The latest and greatest way to aggravate kids and teachers is this thing called rigor. But no one really knows what it is.
Rigor is supposed to be about higher standards. That does not mean just more quantity of work. Rigor should be about the level of cognitive processing that is expected of students. That is the quality of the work, not the quantity.
More assignments and more reading doesn't necessarily mean more rigor. It is what students are expected to do with that material that really counts and that often means covering less territory but in more depth. Harder should mean more intellectually challenging. Too often harder means something that has not been well taught or was taught to students before they were prepared to learn it.
What really counts is what we expect students to do with the learning that is presented to them. Do we expect them to think about the learning and interact cognitively with the experience? Or do we just expect them to cover lots of content and repeat what someone else has learned. The ability to memorize other people's learning is not rigorous content. Young children too can do rigorous learning if they are made to interact with the content so that they bring their own understanding of the content to the learning experience.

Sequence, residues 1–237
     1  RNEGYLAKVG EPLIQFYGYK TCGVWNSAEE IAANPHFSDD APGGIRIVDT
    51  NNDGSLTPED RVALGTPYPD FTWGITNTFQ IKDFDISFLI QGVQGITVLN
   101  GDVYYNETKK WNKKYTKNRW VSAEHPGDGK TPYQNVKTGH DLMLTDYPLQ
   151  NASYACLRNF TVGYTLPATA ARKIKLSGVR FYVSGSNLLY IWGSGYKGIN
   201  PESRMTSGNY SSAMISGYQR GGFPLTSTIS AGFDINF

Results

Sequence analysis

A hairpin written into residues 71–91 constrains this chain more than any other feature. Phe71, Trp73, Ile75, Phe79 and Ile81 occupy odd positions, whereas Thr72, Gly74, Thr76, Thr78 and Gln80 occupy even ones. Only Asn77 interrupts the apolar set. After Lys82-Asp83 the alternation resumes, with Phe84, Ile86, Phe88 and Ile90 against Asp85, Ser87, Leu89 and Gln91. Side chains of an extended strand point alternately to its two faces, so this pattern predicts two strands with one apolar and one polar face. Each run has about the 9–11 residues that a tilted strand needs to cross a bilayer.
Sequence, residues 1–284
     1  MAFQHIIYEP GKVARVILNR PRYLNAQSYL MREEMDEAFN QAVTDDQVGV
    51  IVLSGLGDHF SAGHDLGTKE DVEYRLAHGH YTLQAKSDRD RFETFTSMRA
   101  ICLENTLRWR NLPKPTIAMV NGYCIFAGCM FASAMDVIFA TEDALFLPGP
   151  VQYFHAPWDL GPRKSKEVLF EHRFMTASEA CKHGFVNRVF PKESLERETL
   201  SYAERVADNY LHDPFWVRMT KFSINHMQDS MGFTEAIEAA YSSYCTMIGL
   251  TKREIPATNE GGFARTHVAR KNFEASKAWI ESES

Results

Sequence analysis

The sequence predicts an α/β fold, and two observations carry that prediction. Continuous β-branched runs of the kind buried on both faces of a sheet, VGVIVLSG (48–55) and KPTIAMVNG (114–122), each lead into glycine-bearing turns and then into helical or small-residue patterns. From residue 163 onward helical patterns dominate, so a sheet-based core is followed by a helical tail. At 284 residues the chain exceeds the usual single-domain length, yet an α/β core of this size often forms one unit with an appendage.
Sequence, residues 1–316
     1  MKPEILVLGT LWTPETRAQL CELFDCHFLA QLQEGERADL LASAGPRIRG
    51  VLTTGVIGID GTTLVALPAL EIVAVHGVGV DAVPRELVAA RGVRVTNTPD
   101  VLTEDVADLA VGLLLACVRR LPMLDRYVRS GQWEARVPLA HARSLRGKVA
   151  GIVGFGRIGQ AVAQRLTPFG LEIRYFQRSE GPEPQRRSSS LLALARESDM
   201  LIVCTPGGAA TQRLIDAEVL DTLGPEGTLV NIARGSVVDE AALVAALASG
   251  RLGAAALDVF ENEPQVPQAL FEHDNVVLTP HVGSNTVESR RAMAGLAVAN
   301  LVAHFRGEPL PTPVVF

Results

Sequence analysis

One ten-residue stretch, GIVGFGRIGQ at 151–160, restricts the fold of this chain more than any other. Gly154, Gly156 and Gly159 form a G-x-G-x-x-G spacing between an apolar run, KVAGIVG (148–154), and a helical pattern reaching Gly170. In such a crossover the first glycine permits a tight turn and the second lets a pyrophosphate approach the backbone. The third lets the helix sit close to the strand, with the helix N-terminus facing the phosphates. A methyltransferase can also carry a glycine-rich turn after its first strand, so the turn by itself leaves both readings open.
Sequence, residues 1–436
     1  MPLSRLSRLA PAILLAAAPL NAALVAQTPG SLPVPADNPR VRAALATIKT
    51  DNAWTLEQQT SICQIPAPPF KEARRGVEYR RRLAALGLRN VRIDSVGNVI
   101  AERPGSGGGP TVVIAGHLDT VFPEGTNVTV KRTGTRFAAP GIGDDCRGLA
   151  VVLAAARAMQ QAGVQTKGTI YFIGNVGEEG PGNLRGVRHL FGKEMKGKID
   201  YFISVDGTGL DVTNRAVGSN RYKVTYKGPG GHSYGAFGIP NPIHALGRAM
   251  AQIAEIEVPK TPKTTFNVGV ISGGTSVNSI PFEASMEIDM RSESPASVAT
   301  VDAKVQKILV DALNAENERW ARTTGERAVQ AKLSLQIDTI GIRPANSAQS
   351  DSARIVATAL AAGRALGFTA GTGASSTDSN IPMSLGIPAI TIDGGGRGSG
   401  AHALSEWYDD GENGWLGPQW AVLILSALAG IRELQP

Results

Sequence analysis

Are students asked to interact with the content in ways that cause them to bring their own personal experiences to what they are learning? Are students asked to compare and contrast the content to what they know? Are students asked to reflect on how this content has meaning in their own lives at this point in time? These experiences will be different for different children. They will be meaningful as well and will change the child because of the new learning. New learning will also allow the child to view his/her subsequent experiences through the prism of this new learning.
Our President has called us to STEM learning, science, technology, engineering and mathematics. These are indeed very important subjects and vital if our economy is going to continue to lead the world. Education, however, is about integrating new learning and new experiences in all subjects into our experiential fields. Education is about changing our view of the world and changing our view of our own experiences. Just increasing quantity will not do that. In fact, increasing quantity does not give us time to do the quality learning we need to do. We need to spend more time learning horizontally and less time covering time learning vertically so we cover more content.